In its recent ruling to uphold the Affordable Care Act, the Supreme Court gave states a new decision to make on Medicaid. The court said federal funding cannot be taken away if states decide not to expand the program as the federal government wants. That puts the choice up to Nebraska lawmakers, and they need to decide whether the benefits are worth the costs.
Graphic by Grant Gerlock, NET News
Medicaid and Education top the state's spending list. From 1992 to 2012 Medicaid grew from 12 percent of the budget to 18 percent. In that same time the portion of funding for K to 12 education remained around 23 percent.
Deb Shoemaker, People's Health Center
"They may have some kind of chronic condition that requires medications, that requires testing, and that requires that they come in and see a doctor more often than most people would see a doctor," Shoemaker said. "For them, this would be huge, to be able to have the kind of care that they need in order to manage their chronic disease."
If Nebraska says no, the poverty line would become the dividing line. Uninsured people above the poverty line could use new federal subsidies to buy insurance on health exchanges, but some people below the poverty line would not get those subsidies - or Medicaid. Becky Gould of the Nebraska Appleseed Center for Law and the Public Interest said childless adults have no Medicaid option in Nebraska right now, regardless of how little their income might be.
"I think it would be a very wise investment for us as a state, for our state's economy, to keep these people healthy and get them health coverage," Nordquist said.
Policy analyst Jordan Cash of the conservative Platte Institute in Omaha said state senators should be skeptical of the federal offer.
"It may seem like free money in the first couple of years, but once people get used to receiving this coverage, the federal government will stop," Cash said. "Eventually it is going to cost the state millions and millions of dollars."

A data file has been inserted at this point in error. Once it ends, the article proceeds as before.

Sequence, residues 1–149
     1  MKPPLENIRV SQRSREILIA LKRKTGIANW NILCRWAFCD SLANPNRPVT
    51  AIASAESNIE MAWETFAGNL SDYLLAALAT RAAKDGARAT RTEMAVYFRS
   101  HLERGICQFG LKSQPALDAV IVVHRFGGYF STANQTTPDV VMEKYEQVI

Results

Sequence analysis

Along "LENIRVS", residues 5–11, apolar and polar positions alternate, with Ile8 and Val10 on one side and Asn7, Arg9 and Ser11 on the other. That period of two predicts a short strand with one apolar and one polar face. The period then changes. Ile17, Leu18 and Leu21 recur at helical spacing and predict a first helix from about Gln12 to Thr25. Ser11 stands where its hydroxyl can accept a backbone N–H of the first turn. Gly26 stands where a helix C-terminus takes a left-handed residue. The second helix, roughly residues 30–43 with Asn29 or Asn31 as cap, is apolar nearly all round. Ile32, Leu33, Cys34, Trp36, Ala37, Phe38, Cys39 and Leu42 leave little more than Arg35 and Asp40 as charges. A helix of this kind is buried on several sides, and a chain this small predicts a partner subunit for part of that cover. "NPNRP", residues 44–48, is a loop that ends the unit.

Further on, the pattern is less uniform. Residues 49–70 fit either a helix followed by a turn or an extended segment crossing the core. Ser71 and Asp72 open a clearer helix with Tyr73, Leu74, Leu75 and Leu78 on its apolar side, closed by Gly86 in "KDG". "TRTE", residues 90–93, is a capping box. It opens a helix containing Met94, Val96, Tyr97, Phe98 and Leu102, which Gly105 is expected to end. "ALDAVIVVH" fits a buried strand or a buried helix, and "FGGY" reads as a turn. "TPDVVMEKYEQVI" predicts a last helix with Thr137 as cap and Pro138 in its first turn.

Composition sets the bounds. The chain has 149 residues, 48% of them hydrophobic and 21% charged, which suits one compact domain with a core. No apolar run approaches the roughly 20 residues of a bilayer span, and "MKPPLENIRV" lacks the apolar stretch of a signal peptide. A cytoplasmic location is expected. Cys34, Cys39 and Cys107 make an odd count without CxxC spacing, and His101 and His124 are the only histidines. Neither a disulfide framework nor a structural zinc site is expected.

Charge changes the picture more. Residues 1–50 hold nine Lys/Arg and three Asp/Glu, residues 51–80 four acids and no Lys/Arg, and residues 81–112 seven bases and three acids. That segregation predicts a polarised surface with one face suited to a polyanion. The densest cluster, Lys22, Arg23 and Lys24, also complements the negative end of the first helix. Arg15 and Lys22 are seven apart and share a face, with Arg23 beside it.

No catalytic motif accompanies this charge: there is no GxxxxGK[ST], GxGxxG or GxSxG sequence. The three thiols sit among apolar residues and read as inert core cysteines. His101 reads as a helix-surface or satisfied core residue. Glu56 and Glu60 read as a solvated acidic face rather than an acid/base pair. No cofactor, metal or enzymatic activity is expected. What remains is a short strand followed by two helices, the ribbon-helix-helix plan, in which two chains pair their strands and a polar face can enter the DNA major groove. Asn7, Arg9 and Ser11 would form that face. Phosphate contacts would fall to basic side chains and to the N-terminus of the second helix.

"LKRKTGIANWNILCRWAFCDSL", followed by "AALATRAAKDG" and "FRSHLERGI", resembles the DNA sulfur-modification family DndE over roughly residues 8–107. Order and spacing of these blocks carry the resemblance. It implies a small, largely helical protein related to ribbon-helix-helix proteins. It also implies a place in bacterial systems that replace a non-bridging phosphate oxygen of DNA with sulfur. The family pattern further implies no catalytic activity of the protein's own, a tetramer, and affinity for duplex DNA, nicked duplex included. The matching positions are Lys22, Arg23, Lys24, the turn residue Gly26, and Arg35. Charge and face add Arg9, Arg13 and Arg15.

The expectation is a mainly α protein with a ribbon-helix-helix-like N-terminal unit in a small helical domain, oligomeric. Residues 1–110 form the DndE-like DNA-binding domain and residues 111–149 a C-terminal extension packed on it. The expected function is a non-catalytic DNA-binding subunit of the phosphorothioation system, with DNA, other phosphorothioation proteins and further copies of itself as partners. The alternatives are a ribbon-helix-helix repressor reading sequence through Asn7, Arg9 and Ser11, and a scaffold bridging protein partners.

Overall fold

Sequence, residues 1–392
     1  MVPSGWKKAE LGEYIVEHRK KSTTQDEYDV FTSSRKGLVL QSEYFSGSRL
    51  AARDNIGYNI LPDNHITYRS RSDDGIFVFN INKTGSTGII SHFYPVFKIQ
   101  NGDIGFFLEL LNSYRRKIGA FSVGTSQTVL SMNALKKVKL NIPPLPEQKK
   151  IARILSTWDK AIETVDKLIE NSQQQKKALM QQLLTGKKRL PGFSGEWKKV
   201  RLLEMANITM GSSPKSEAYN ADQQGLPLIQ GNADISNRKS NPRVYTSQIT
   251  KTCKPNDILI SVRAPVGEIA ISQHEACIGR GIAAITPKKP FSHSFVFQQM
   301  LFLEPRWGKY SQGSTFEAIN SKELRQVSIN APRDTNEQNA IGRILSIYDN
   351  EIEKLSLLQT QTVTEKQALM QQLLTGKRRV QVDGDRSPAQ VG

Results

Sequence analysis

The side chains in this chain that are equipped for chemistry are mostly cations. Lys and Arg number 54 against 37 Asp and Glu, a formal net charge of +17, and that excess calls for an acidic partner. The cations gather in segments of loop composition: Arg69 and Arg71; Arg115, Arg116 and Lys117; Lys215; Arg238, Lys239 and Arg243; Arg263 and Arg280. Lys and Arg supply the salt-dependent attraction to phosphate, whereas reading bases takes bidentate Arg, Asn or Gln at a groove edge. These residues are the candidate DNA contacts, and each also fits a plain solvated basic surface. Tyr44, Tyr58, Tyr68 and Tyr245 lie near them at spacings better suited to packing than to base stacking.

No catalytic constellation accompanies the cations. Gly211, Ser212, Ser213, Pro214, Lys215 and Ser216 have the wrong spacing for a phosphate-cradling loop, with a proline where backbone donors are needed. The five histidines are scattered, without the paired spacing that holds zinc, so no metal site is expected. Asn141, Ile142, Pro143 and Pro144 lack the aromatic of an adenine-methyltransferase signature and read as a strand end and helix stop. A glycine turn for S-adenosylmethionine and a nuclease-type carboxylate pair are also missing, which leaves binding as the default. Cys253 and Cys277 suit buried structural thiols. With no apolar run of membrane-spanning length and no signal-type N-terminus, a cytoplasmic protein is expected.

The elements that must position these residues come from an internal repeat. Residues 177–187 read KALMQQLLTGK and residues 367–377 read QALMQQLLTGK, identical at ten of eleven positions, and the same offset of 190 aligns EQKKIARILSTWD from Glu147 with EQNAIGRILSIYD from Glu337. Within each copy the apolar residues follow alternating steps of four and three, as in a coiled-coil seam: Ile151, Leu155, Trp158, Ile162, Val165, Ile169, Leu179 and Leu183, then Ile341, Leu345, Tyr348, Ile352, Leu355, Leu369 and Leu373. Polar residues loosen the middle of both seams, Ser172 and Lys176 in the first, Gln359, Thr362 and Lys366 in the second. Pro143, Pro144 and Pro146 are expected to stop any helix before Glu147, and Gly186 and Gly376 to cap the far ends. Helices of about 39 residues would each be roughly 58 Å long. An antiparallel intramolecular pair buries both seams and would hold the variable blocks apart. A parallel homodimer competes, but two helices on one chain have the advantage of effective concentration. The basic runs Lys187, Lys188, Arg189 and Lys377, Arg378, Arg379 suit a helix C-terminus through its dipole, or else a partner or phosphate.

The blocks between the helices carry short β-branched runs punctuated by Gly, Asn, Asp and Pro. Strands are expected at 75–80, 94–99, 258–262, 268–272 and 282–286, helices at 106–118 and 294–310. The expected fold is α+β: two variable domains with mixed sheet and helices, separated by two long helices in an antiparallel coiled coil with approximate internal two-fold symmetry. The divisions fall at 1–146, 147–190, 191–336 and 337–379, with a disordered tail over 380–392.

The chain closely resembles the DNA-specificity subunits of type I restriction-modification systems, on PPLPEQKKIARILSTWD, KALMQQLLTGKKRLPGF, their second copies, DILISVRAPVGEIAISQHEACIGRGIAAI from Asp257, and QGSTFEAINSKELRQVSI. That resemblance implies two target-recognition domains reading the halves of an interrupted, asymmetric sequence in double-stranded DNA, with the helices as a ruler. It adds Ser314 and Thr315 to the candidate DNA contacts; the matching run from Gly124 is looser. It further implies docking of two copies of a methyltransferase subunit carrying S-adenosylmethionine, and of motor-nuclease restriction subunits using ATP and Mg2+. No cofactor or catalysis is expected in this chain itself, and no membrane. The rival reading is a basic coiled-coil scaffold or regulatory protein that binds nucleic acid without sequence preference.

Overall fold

Another point of skepticism stems from the fact that Medicaid already takes up a big - and growing - chunk of the state budget. Twenty years ago it was about 12 percent of spending. In 2012, it's 18 percent, or $644 million dollars.
Even without expanding Medicaid, there's simply not enough money to go around, state budget administrator Gerry Oligmueller said, adding that Nebraska's budget is projected to grow at about twice the pace of revenues coming into the state.
"Consequently, not everything that the various interests would like to see funded in the state budget can be a reality when we construct the budget for fiscal years 2014 and 2015," Oligmueller said.
Gould at Nebraska Appleseed believes expanding Medicaid should still be a priority, saying to not expand would be short-sighted.
"If we're talking about making sure that folks in our state can contribute to their communities, participate in work force, and not drive up costs in health care system, then providing that care in Medicaid is the best way to do it," Gould said.
It will be up to Nebraska state lawmakers to decide whether more people can count on the state for health care or whether it's beyond what the state can afford.
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